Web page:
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Title: Investigating the ultra-fast dynamics of semiconductor lasers by optical pulse injection techniques
Author: Gordon, R.
Awarding Body: University of Cambridge
Current Institution: University of Cambridge
Date of Award: 2002
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Resonant injection of sub-picosecond optical pulses were explored as an ultra-fast analogue to injection locking, to influence the phase of the semiconductor laser on short time-scales. This allowed for efficiently altering the absolute phase of the lasing modes (without exciting new modes to lase) and produced mode interference beating; both demonstrated in vertical cavity surface emitting lasers (VCSELs). The ultra-fast optical sampling was extended to resolve polarization degrees of freedom, showing the nonlinear coupling between transverse modes through the charge carriers. Phase-sensitive double-pulse injection, commonly used for coherent control, was applied to VCSELs to introduce a field component into a specifically selected subset of the transverse lasing modes. The self-organization between transverse modes in VCSELs was investigated with resonant pulse injection and optical sampling. At different bias currents, mode-locking was observed to produce both a train of 2 ps pulses with an 11 ps repetition period, and self-organization of the laser mode resonances to tones within the Fibonacci sequence (with a 19 GHz fundamental tone). It was demonstrated that the nonlinear optical sampling technique could be used to measure the coherence length and type of fluctuations within the VCSEL. While the pulsed mode-locking showed the expected shot-noise fluctuations from spontaneous emission, the Fibonacci-type mode-locking was more stable and showed popcorn noise. The emergence of the Fibonacci-type mode-locking was explained by a spatio-temporal theory of the symmetry-breaking interaction between nearly degenerate modes and the carrier density. Edge-emitting semiconductor laser structures, with and without an optical grating, were also investigated. Resonant and non-resonant optical pulses were used to free laser light from a trapped defect state within an optical grating, and create carrier-heating relaxation oscillations. These effects were reproduced with a spatio-temporal model. Double pulse injection was used to measure the separate effects of group-velocity dispersion and gain curvature on pulse propagation within a Fabry-Pérot laser.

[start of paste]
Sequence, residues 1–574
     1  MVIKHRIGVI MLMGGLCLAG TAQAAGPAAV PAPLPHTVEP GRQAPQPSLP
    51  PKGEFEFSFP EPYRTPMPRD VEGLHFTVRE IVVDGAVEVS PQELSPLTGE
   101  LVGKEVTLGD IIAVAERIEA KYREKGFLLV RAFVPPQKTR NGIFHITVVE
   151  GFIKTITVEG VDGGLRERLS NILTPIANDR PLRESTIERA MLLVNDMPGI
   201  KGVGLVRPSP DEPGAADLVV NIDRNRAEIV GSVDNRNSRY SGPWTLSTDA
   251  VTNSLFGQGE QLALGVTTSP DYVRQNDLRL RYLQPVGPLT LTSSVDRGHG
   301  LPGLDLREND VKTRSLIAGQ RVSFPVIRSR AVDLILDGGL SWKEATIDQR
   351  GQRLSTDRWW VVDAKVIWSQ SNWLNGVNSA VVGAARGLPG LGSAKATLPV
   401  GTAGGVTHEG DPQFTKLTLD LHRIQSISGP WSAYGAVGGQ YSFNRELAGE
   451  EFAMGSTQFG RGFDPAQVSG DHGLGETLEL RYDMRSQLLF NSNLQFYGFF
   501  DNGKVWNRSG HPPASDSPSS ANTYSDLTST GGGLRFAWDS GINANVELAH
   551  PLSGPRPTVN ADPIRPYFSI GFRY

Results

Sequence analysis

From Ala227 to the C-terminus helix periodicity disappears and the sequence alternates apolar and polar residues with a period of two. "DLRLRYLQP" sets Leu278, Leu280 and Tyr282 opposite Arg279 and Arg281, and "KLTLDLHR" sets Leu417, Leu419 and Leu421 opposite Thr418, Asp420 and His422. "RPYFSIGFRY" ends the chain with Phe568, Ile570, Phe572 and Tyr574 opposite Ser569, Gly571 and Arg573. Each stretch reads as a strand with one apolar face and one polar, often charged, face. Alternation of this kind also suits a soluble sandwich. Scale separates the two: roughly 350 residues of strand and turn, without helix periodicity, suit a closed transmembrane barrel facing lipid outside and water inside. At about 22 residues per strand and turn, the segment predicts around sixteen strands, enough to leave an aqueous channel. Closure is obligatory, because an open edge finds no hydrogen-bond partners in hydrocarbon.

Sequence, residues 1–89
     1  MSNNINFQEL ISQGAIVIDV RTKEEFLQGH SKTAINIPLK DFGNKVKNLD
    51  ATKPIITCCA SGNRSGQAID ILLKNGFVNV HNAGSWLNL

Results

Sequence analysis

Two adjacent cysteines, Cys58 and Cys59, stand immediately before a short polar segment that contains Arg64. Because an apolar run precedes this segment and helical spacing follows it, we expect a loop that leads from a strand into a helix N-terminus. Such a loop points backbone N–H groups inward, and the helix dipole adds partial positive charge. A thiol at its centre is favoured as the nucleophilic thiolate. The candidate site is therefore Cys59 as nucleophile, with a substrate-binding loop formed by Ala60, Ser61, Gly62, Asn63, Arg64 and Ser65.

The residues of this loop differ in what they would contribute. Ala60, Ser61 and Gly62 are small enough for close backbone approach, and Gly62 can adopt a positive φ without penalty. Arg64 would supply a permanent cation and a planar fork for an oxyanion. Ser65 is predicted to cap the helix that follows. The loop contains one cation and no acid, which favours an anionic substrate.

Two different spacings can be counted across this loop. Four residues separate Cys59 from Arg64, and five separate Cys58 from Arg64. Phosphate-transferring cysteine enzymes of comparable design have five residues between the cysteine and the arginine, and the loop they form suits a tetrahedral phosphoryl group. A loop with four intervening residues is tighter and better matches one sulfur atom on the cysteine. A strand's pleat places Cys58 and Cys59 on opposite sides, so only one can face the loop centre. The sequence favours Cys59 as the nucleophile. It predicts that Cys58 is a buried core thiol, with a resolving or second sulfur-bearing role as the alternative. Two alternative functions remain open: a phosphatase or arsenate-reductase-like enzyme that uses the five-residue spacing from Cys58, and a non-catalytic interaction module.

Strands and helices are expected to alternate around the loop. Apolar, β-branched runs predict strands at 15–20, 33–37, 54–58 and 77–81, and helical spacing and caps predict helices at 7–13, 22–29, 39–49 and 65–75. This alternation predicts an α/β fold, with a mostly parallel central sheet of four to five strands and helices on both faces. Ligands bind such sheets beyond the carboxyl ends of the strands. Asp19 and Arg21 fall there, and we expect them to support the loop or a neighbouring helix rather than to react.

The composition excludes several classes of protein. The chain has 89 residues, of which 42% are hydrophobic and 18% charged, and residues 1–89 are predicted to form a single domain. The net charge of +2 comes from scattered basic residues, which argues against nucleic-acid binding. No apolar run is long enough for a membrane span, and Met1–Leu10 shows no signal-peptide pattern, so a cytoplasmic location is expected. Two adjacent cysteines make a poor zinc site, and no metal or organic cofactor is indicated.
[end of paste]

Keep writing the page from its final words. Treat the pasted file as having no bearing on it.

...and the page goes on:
Supervisor: Not available Sponsor: Not available
Qualification Name: Thesis (Ph.D.) Qualification Level: Doctoral
EThOS ID:  DOI: Not available